President Kagame Thursday took over the reigns as Chairperson of the East African Community during the ninth session of the Heads of State Summit held in Kigali.
During his acceptance remarks, Kagame thanked his fellow Heads of State for the trust they had placed in him by unanimously selecting him to lead the regional bloc for the next one year.
"It is with great humility that I accept the chairmanship of the East African Community and I am looking forward to serving the community to the level of their expectations," said Kagame.
The meeting was attended by all Heads of State of the EAC who included the outgoing chairman of the bloc, Uganda’s Yoweri Museveni, Kenya’s Mwai Kibaki, Tanzania’s Jakaya Kikwete and Burundian President Pierre Nkurunziza.
The President urged regional leaders to act quickly to curb the problems of delays at borders which he said cause unnecessary costs of doing business.
"We need to expedite a complete overhaul of our customs union beginning from our borders this accumulates unnecessary costs for doing business leading to what I can call corruption costs," he said.
"The major problems of these delays are caused by numerous roadblocks, borders and weighbridges which delay merchandise from ports to inland," he added.
The President proposed that the borders be opened twenty four hours if necessary in an effort to reduce costs.
This summit was held concurrently with the first East African Investment Conference, a three-day event that also started Monday, attracting close to 1000 businessmen from allover the globe.
Earlier during the opening of the conference, Kagame had urged investors to make use of the available opportunities in the region.
"Our continent and in particular East Africa stands at crossroads with clear navigational tools for arriving at our desired destination these are business capabilities, economic infrastructure, and belief in our people," Kagame told the gathering of investors.
During a Strategy Retreat, the Heads of State also mooted the East African Infrastructure Strategy, which is aimed at harmonising the regional infrastructural policies with a main aim of facilitating investors willing to do business in the region.
Meanwhile, Ugandan president Yoweri Museveni said that for effective development, much emphasis should be put on the private sector.
"We have to put our emphasis on the private sector and investors rather than politics and bureaucracy .It is time to put in practice what we have been discussing for the last 40 years," said Museveni, who is the outgoing chairperson of the EAC.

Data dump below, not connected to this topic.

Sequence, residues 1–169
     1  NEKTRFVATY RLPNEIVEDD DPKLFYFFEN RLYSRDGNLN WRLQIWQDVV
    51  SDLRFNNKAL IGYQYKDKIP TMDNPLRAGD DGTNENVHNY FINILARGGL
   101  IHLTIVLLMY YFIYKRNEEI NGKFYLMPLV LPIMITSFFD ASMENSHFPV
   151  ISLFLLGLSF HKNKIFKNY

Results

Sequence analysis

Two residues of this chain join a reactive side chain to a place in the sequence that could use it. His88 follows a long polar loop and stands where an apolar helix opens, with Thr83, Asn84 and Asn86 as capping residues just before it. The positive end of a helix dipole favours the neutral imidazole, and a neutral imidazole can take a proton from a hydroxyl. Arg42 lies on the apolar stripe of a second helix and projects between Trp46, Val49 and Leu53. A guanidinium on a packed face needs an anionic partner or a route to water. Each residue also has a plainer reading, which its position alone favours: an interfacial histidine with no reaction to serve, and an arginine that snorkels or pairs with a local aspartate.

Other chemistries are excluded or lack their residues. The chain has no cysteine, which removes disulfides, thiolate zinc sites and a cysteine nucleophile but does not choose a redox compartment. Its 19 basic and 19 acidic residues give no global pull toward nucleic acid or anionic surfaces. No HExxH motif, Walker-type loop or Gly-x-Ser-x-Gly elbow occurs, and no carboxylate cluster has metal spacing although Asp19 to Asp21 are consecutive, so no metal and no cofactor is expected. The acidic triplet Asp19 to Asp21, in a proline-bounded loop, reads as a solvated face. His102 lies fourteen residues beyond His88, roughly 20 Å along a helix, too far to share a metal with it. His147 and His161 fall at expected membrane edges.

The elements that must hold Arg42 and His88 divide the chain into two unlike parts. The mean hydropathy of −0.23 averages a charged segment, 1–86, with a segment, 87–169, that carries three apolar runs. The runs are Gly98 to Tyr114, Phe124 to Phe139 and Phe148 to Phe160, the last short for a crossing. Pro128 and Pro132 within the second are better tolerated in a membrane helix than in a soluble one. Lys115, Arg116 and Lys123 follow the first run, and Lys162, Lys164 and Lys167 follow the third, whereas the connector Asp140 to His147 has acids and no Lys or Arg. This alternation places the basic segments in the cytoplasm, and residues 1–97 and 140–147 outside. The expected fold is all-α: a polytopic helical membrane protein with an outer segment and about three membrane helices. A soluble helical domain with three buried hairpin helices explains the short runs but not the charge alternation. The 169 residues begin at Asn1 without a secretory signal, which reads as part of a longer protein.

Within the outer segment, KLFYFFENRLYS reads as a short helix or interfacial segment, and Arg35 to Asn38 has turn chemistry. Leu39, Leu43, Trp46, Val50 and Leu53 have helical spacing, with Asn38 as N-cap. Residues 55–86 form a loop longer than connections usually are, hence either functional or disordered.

He outlined some of the crucial issues to be addressed if equitable development was to be achieved including security, both physical for the investors, and material, where they would feel their property is safe.
"Another aspect is the tax incentives; for example, the United States has given us quota and tax free market of 6500 products; China has also given us the same offer for 440 our embarrassment will be to run short of the products to supply to these markets," he said.
He added that the region has all the resources that can be used in the production of the products to export to these countries: "The only problem is how to process those products and make them ready for export."
Kenya’s Mwai Kibaki called upon the harmonisation of electricity generation as a way of improving investment in the region.
"Our region requires a vibrant financial sector and electricity is crucial in having this realised."
He called upon investors to come to Kenya, saying the political instability which rocked the country earlier this year has since been settled.
"The grand coalition government has worked it out and investors should not have reasons to worry," he said.
Burundi’s Nkurunziza said that he was optimistic following the recent peace deal with FNL–a rebel outfit formerly fighting Burundi, that the country would now embark on economic development.
The summit, which was organised by the Rwanda Investment and Export Promotion Agency (RIEPA), attracted more than 1,000 foreign investors.
The Secretary General of EAC, Juma Mwapachu, recognised efforts by President Kagame in hosting the summit only one year after Rwanda joined the regional bloc.
"He has managed to make the dream we had when the community was being established into a reality," he said.
Meanwhile, Kagame kicked off his chairmanship of the regional bloc by presiding over the swearing-in ceremony of the ten judges making up the East African Court of Justice.
Two Rwandan judges, Johnston Busingye who is also the High Court president, and Emilie Rusera Kayitesi, were sworn in as members of this court.